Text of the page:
Last evening as I walked through the nearly empty mall with my two youngest, you five girls were behind us by several yards. We had just seen a movie and were in great spirits. We were walking to meet up with four of my older children. We stopped to take a photo, at one of those cutout scenes where you stick your faces through the holes. I caught sight of you as we took our photo, walking and giggling and having a good time. I have had teenaged girls and know how much fun they can have together in a mall. I noted to myself that you were a lively group but certainly not threatening in any way. You were walking faster than we were and the gap between us was closing. I turned from snapping our photo and we continued down the hall. My son fell behind a few steps as he was adjusting his earbuds. He was listening to his music like a typically developing 13-year-old boy might do in a mall. Though if you could have seen his playlist you would have realized he is not a typically developing 13-year-old boy. He was probably listening to Disney tunes, the muppets, or a preschool sensation called The Fresh Beat Band. You probably did not notice he was “different” until you saw him run a few steps to catch up to me. He always runs on his toes with a very awkward gait; and I’m sure that a 6’3” young man running on his toes looked pretty ridiculous to you. The mall was empty enough for me to hear your innocent girlish giggling turn to that of a contemptuous kind of laughter. I knew before I turned; but I could not stop myself. I turned to look and saw one of you mocking my son. You were running on your toes and flailing your arms. My son and his little sister kept walking, not noticing that I had turned to look behind us. They both have special needs and were oblivious to the change in my demeanor. I took about three steps back toward you, and your forward pace slowed. I must have looked very intimidating all of the sudden. I had gone from happy and quietly content to irate in a fraction of a second. I can only imagine the look I had on my face as I took those few steps toward you. I did see the looks on your faces. Your laughter stopped. I saw guilt and I saw your faces redden with embarrassment. You were caught. You thought you’d have your laugh at my son’s expense and we would not notice. Or perhaps you did not care if we noticed, but you certainly did not expect me to turn and call you out. I cannot remember my exact words but I believe they were, “My son has autism. I sure hope you are not making fun of him.” Your stuttering and stammering out, “We’re not. We’re not making fun of anyone.” caused me to doubt myself for a split second; but then I remembered I had seen one of you, the girl on the far left, copying my son’s movements while all five of you laughed. I said no more, and turned back toward my kids and caught up to them, thankful that my son had his headphones in and thankful that he probably would not have understood much of our exchange if he had been listening anyway. As we all continued down the hall I had to remind myself that all five of you are just kids, probably very nice girls most of the time. One of you were impulsive enough to make fun of the differences you saw in my son and the other four were weak enough to go along with the joke. I had to remind myself that you all five had families that love you as much as I love my children and you all five may have issues of your own to deal with. And perhaps you really did believe that making fun of someone else is just innocent fun and we would have no idea it had even happened.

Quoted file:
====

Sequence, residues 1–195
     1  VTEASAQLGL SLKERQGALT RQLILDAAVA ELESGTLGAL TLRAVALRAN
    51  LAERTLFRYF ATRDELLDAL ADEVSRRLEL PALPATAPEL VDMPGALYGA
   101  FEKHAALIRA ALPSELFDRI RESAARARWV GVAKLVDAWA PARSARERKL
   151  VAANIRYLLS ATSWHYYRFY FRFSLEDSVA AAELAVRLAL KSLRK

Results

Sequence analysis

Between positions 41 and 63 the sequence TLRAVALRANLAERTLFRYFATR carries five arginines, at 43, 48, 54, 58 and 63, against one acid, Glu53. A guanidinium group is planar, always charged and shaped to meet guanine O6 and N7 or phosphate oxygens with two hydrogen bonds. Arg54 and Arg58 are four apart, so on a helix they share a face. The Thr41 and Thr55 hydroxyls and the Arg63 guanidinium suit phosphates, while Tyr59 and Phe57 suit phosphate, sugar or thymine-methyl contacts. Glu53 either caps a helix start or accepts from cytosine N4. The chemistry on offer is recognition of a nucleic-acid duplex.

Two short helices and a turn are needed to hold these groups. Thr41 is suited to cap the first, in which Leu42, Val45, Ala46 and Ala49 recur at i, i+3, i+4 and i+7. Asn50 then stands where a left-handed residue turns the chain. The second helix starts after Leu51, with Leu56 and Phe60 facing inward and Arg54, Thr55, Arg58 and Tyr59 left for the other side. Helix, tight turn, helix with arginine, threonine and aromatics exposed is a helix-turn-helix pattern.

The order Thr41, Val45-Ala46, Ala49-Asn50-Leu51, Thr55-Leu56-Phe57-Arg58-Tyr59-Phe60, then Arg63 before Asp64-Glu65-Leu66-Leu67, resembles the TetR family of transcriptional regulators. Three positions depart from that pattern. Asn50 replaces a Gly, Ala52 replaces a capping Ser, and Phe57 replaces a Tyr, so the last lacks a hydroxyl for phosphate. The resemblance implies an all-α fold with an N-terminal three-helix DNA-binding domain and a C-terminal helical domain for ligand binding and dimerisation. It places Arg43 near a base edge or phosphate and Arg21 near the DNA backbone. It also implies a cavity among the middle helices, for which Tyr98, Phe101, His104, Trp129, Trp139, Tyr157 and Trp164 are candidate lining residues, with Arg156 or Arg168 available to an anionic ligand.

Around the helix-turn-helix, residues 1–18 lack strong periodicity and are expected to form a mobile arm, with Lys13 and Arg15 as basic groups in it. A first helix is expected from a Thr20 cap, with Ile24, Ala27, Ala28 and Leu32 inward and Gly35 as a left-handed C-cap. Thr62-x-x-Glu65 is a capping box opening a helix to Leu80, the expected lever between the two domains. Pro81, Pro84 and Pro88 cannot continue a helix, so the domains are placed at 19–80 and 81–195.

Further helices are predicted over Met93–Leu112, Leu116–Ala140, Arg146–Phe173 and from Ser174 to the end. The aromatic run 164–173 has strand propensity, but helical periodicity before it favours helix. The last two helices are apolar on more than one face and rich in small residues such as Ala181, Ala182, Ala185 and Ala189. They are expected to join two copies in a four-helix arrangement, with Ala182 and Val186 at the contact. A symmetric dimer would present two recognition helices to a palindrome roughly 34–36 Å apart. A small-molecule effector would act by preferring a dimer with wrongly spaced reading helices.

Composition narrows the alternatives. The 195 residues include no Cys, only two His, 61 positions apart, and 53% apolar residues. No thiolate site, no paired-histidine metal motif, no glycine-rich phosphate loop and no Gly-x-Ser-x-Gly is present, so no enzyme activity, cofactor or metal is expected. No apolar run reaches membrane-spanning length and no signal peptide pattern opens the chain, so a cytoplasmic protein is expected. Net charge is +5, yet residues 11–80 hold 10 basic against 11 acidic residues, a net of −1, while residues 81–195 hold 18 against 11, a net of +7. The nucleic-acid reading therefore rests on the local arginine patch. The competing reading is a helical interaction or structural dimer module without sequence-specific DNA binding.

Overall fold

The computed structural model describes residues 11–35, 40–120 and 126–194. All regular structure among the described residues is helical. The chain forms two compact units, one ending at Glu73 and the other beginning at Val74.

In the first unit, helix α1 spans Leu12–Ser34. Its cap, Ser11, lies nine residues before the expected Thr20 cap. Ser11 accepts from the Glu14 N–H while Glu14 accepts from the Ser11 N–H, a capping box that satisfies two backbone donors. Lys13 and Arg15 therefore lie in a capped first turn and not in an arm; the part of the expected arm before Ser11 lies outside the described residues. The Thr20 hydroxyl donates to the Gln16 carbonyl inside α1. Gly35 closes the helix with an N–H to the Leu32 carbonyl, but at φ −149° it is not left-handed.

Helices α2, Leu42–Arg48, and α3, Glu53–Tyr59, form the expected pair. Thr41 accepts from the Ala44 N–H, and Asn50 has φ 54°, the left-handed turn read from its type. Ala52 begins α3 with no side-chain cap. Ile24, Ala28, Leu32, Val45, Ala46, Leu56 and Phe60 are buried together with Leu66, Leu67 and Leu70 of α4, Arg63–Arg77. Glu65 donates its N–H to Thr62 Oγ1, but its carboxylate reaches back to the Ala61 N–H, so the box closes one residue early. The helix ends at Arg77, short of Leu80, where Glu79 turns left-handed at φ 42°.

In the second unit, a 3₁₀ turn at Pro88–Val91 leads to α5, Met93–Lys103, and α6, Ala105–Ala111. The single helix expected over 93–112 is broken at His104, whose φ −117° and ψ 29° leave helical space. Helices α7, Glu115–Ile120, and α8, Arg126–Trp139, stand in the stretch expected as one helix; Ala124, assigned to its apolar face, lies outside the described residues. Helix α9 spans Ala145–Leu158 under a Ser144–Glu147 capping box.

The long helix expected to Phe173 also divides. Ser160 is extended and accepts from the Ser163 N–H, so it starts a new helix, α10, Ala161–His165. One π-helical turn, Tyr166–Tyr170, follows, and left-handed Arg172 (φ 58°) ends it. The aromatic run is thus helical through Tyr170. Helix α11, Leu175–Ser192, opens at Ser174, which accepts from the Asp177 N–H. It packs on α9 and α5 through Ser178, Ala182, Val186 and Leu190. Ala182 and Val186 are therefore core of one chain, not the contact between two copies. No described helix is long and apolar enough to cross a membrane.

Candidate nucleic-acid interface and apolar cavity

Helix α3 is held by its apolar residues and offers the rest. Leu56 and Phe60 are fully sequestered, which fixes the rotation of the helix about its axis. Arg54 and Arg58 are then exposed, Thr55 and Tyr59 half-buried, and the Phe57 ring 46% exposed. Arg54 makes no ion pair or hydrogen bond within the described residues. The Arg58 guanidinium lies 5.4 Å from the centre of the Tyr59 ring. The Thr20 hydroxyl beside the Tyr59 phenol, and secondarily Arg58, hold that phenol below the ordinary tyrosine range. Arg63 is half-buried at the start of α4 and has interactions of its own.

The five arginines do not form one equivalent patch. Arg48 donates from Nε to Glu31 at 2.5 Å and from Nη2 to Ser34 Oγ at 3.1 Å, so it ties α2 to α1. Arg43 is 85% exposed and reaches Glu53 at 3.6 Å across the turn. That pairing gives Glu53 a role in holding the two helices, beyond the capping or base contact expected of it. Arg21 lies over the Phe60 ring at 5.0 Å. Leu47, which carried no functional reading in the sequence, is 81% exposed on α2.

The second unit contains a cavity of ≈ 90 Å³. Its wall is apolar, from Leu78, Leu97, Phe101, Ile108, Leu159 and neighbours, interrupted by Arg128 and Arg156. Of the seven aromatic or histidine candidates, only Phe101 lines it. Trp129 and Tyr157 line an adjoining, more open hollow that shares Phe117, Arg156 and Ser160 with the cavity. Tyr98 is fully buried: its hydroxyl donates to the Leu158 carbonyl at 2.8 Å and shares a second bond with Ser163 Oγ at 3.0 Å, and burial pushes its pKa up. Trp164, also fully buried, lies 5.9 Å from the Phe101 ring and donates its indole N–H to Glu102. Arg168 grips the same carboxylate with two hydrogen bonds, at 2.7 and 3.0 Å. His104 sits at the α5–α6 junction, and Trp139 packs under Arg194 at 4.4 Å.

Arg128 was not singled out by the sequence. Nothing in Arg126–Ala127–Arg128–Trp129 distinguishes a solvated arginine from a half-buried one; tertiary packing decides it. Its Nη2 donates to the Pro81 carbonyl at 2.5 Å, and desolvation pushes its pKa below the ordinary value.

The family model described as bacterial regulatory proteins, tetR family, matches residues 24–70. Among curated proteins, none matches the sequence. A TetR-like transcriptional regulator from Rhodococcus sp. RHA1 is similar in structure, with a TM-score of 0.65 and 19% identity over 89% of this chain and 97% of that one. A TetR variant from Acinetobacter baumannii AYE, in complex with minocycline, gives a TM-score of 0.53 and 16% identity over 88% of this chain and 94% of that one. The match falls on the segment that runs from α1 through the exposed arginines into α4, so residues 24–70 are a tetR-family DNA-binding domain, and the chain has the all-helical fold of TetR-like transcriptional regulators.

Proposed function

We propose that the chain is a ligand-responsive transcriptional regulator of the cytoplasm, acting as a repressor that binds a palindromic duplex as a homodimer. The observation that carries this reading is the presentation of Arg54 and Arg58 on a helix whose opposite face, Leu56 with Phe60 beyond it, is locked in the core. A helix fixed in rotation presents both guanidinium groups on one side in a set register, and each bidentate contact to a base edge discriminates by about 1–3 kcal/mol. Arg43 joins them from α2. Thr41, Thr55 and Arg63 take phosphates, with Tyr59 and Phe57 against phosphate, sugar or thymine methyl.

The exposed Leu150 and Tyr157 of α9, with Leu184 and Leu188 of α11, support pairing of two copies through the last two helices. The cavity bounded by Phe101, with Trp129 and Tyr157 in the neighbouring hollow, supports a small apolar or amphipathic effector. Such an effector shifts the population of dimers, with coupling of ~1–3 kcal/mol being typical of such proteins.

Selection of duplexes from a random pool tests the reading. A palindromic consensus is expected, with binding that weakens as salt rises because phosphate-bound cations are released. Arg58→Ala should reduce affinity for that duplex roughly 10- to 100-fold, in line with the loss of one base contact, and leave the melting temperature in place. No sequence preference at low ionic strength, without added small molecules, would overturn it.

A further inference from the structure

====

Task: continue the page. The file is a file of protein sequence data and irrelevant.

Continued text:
Perhaps you go to a school where the kids with special needs are kept separate from you or perhaps it is acceptable amongst your peers to laugh at their differences. We are from a small town and my son Tate goes to a small school. He has peers who accept him and do not make fun of the way he moves or talks. They know he is different and help him to fit in. They do not laugh at him or belittle him. As a matter of fact, had some of them been with him last night, they would have probably said more to you about your behavior than I did. 

I have to admit that I have no idea if turning and calling you out was the right thing to do or not. I did not know how to react. You see I have never seen anyone mock my son before. In fact, in thirteen years I cannot remember him once being made fun of. Perhaps there have been times and I have just not caught on like I did last night but I like to think that you are the first. How does that make you feel? You broke a thirteen-year streak for us.

If statistics prove true and all five of you grow up to become mothers, chances are that one of you will have a child or a grandchild with a disability. I do not wish that on your child or grandchild, but if it happens, I actually hope that you get a thirteen-year streak without bullying. As a matter of fact, I hope you have an even longer one. And even more importantly I hope that if your son or daughter, grandson or granddaughter, are ever bullied that you will not be able to think back and remember the time that you yourself laughed at a child with a disability and caused a mother pain. The burden might be too heavy for you to bear.